Mary Frances Coady

The Upstairs Room

hopkins_gm1_sm[1]In late October, 1866, a young student and poet named Gerard Manley Hopkins boarded a train in Oxford and took the 60-mile journey north to the industrial city of Birmingham. There, he was received into the Roman Catholic Church by John Henry Newman.john-henry-newman-2-sized[1]

By that time, Newman had a saintly reputation. Once a renowned Anglican preacher and don at Oxford, he had gone on to become a Catholic priest and later founded the Oratories of St. Philip Neri in London and Birmingham.
In the mid 1990s, on a personal Hopkins tour, I decided to trace the poet’s decisive journey from Oxford to Birmingham and to the Catholic Church. In Birmingham, I found myself at the entrance of the Oratory residence, where a pleasant seminarian offered to show me  Newman’s room. (Such visits are now restricted.)

We climbed a wide staircase to the second floor where he opened a door, and a hundred years fell away. The room remained exactly as it had been when the cardinal died on August 11,  1890. The floor was covered with worn brown patterned linoleum, the walls lined with browncovered books. A partition divided the room. On the other side an altar was set against the wall and in front, a single prie-dieu on which sat Newman’s enormous galero, or cardinal’s hat.

This tiny space, once serving as his bedroom, had been made into a private chapel after he was named a cardinal. The overall impression was one of simplicity and single-mindedness, but there was also a sense of Victorian hominess: bills and receipts were stacked neatly on a table as if Newman’s hunched form might enter momentarily to complete his day’s work. article-0-002B8D0800000258-714_468x701[1]

In those pre-ecumenism, pre-RCIA, pre-Anglican-ordinariate days, English conversions to Catholicism were lonely and often agonizing. Newman’s route was especially tortuous. He spent years trying to establish that the Church of England provided a via media between the Church of Rome and Protestantism.

When that attempt failed to satisfy him, he retired to the village of Littlemore, outside Oxford, where with some companions, he set up a small monastic community in a cluster of former farm sheds. Four years later, on the cold and wet night of October 8, 1845, he knelt before a rain-soaked visiting priest by the name of Dominic Barberi whom he had met briefly only once before, and begged to be admitted to “the one true Fold.” “I have had a very trying time, parting with the people,” he wrote to a friend after preaching his last sermon in the nearby Anglican church.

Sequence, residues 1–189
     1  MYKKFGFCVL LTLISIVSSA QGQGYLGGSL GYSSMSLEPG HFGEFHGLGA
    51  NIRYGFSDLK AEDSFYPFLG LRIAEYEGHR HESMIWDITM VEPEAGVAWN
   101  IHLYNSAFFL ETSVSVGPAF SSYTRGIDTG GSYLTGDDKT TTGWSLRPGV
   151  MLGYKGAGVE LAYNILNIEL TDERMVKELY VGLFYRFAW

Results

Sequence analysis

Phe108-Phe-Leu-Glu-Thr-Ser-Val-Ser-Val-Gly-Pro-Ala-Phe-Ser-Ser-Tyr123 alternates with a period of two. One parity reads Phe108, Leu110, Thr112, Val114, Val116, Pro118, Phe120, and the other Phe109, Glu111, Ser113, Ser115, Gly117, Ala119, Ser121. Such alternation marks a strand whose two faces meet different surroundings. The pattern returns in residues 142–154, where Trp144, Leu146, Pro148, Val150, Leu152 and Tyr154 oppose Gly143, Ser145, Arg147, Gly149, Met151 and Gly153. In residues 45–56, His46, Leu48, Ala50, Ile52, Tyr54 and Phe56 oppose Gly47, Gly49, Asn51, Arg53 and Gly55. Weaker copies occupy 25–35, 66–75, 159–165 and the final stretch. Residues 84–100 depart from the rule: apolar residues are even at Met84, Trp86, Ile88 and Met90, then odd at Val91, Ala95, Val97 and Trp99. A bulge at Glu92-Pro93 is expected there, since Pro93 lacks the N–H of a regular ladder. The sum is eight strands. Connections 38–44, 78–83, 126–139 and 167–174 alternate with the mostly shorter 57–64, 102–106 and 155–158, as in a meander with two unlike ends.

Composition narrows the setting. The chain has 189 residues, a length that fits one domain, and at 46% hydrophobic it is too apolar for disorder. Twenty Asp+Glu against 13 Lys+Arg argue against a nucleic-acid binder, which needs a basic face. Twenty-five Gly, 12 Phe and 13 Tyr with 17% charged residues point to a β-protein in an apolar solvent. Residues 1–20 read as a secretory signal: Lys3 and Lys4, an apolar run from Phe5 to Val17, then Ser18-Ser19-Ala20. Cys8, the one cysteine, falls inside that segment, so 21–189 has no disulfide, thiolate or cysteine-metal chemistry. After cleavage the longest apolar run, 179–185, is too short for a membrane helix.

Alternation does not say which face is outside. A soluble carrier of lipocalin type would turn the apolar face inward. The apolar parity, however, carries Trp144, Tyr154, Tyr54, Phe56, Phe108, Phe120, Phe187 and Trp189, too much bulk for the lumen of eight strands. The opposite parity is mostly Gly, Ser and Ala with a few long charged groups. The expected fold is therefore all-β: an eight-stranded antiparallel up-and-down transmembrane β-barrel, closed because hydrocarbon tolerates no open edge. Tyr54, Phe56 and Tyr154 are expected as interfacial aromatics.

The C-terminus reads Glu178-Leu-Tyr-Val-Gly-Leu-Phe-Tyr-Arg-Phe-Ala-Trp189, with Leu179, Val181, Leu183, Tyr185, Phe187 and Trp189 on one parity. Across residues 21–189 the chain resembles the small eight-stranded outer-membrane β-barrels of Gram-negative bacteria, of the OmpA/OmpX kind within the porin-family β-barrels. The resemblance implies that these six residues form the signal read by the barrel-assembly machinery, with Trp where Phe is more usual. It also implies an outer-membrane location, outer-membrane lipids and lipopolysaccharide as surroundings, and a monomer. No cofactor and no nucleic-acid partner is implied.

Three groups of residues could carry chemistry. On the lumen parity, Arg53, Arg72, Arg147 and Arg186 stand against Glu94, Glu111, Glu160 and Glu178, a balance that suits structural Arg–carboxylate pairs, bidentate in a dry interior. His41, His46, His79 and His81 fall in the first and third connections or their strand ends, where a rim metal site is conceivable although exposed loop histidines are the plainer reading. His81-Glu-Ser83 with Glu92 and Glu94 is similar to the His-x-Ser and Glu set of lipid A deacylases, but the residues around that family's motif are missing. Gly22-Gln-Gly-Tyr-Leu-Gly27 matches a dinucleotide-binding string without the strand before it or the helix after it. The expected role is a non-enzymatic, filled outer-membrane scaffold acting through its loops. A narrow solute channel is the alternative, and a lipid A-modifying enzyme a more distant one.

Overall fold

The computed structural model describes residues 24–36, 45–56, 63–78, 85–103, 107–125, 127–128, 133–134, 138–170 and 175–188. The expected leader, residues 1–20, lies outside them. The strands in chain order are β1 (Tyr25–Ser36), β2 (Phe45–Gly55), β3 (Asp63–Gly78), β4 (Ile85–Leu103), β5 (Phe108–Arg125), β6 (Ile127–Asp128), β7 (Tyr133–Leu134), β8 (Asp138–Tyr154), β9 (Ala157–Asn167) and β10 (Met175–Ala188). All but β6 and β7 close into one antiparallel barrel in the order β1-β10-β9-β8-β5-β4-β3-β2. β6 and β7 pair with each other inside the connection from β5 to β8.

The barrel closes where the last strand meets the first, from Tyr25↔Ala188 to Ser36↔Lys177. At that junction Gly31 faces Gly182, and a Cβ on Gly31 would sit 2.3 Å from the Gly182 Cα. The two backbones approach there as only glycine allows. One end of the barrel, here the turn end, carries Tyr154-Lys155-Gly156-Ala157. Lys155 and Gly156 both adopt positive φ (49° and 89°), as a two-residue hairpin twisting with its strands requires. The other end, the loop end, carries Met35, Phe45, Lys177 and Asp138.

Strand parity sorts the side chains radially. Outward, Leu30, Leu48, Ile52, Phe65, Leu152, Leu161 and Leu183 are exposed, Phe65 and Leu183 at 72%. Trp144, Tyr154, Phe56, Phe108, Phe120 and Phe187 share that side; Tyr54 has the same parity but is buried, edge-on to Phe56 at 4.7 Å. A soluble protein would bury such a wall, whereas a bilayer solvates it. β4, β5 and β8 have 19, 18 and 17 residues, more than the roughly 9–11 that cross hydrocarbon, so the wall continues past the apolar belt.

“I have had a very trying time, parting with the people”

As for Hopkins, after his conditional baptism, he took the train back to Oxford, where heart-rending messages from his parents awaited him. “O Gerard my darling boy, are you indeed gone from me?” his mother wrote. His eventual life as a Jesuit priest brought him face to face with ordinary, uninspiring Catholics and, later, with the nationalistic brand of Irish Catholicism among the students of Dublin’s University College, an institution begun by Newman. Hopkins may well have regarded his moment of conversion, at his mentor’s saintly hands, as the easiest part of the whole ordeal.

Newman's Room[1]

Newman’s room today

Newman himself set about unintentionally igniting one controversy after another once he had become a Catholic. He still had Anglicans to contend with, some of whom spread untruths about him (as that he had a wife hidden away, or was about to rejoin Anglicanism), but now there were also the Catholics. Intellectual assent to truth was one thing, but the struggle with personality differences and church politics was quite another. “I do not know whether I am on my head or my heels when I have relations with you,” he wrote to Henry Manning, the cardinal archbishop of Westminster and his nemesis of later years.

Newman was denounced as a heretic when his article, “On Consulting the Faithful in Matters of Doctrine”, appeared. (The spirit of this article can be traced in some of the documents of Vatican II.) “I have been in constant hot water…for full 30 years,” he wrote toward the end of his life

Early on, Hopkins wrote of Newman that “his manner is…genial and almost, so to speak, unserious. And, if I may say so, he was so sensible.” That down-to-earth quality probably stood the older man in good stead as he made his way through the labyrinth of the Catholic faith. The two corresponded intermittently until Hopkins’s early death in June, 1889. Newman died fourteen months later, on August 11, 1890.
Commonweal, September 24, 2010